This article originally appeared on VICE US.
Fast forward, like, four or five decades and imagine yourself sitting with your grandchildren, telling them about The Way Things Were when you were their age. Their eyes will grow wide as you try to explain what a glacier was, they won't understand when you tell them that millions of people willingly watched a terrible TV show called "The Big Bang Theory," and they'll have a half-dozen follow-up questions when you describe a fruit called a Cavendish banana that existed in the first part of the 21st century.
Last week, Colombia declared a national state of emergency after confirming that a devastating-to-bananas fungus called Panama Disease Tropical Race 4 (TR4) has been detected on almost 445 acres of farmland in the country. According to Science, this is the first time the fungus' presence has been confirmed in South America—and that could be bad, bad news for bananas as we know them.
Colombia is the fourth-biggest banana exporter in Latin America, and the fruit is the country's third-most valuable agricultural export, behind coffee and flowers, which is why the country is taking this shit seriously. Deyanira Barrero Leon, the general manager of the Colombian Agricultural Institute (ICA) said that the police and the military had been called in to help quarantine the affected farmland, and that some crops were under 24-hour watch by agricultural officials. "We are responding with everything we’ve got,” she said.
National Geographic reports that TR4 was originally discovered in soil in Taiwan in the early 1990s, and was not known to have spread beyond Asia and Australia until it was detected in Africa and the Middle East in 2013. “Once you see it, it is too late, and it has likely already spread outside that zone without recognition,” Gert Kema, a Dutch Tropical Phytopathology professor told the outlet.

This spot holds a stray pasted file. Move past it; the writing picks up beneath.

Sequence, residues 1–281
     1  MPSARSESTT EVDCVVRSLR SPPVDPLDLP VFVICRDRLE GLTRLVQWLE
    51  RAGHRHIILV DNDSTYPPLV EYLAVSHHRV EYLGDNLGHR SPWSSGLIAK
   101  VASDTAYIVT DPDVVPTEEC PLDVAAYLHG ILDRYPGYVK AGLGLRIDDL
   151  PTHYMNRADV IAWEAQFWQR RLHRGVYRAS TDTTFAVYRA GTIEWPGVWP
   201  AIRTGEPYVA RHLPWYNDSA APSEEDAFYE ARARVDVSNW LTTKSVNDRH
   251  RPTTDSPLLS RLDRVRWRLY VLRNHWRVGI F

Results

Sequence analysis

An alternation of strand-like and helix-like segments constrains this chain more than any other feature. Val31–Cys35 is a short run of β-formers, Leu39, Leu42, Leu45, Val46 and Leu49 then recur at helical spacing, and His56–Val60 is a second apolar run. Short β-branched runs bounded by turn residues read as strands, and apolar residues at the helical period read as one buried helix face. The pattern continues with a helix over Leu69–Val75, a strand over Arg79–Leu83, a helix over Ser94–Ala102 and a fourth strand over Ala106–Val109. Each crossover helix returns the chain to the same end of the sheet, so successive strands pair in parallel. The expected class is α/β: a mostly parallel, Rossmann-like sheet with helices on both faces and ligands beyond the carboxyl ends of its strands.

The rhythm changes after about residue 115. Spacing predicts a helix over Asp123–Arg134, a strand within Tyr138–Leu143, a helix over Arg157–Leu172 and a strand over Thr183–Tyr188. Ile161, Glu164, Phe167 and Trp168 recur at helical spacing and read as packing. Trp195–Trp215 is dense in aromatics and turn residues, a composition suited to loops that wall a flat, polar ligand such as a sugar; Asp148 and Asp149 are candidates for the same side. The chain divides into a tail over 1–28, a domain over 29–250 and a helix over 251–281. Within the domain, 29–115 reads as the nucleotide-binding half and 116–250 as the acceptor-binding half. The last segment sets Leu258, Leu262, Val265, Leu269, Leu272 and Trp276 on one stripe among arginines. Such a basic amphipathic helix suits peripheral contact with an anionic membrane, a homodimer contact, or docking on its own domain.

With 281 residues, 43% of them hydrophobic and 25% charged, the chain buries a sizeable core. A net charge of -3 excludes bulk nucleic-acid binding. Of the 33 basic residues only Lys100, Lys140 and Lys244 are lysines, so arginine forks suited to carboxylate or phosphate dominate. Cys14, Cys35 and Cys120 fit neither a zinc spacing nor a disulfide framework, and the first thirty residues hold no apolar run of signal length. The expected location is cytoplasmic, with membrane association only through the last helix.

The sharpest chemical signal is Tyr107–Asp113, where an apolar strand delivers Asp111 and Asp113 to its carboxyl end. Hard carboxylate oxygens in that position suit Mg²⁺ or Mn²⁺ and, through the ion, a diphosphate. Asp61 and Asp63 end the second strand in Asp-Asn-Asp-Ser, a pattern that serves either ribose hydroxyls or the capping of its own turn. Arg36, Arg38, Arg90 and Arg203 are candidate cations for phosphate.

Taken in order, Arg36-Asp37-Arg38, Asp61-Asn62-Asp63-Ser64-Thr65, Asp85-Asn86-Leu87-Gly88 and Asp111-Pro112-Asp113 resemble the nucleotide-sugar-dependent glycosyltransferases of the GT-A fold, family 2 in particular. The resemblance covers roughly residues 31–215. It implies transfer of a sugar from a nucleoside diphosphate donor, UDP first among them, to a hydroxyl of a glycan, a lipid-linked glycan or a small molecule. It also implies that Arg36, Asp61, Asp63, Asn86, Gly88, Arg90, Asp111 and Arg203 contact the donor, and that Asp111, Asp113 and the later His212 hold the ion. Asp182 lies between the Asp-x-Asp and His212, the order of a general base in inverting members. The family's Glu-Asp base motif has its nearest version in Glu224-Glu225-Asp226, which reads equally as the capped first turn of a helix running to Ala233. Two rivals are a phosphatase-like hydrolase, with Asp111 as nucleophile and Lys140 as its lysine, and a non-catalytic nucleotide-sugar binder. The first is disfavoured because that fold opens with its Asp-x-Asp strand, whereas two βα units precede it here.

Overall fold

There is no treatment for plants that are infected with TR4, and they also stop producing fruit well before they die completely. Even after TR4 offs the plants themselves, the fungus can continue to live in the soil for up to 30 years, which means that it could be unsafe to plant future bananas on that land too.
The appearance of TR4 in South America—and its ability to decimate the Cavendish banana—is unsettling to scientists because, well, they've seen this before. Before the Cavendish, the most popular banana in the United States and Europe was the Gros Michel banana, and we say was, because it was almost entirely wiped out by a previous strain of Panama Disease. Big Banana soon turned its attention to the Cavendish, which was deemed to be a decent-enough replacement for the Gros Michel—and they also believed that it was resistant to the ravages of Panama Disease. (You'd think that they would've learned not to put all of their eggs in one bana...er, all of their bananas in one bas...um, that they would've maybe worked on a bit of banana-related biodiversity.)
"The Cavendish variety is really important. It's about half of the bananas worldwide," Randy C. Ploetz, a tropical fruit pathologist at the University of Florida, told VICE in 2015. "About 45 percent of all banana production is of Cavendish, so even if this strain of Fusarium didn't affect anything else, it would really be important."
According to National Geographic, there isn't really another back-up banana that could replace the Cavendish right now. Agricultural scientists haven't been able to develop a banana that replicates the familiar flavor of the Cavendish AND that can survive the lengthy transport times from South or Central America AND that has any kind of immunity to TR4. (Australian researchers have reportedly been working on a genetically modified version of the Cavendish, but putting the letters 'GMO' on its label could make it unpalatable to shoppers.)
Several years ago, Dan Koeppel, the author of Banana: The Fate of the Fruit That Changed the World, told VICE that when TR4 reached Latin America, "it's game over." He couldn't say how quickly the fungus would spread, or what the banana industry would (or could) do to fight it, or even how we'd replace the Cavendish banana on a wide scale—but it's probably not a bad idea to take a few pics of the next bunch you buy.
You know, for the grandkids.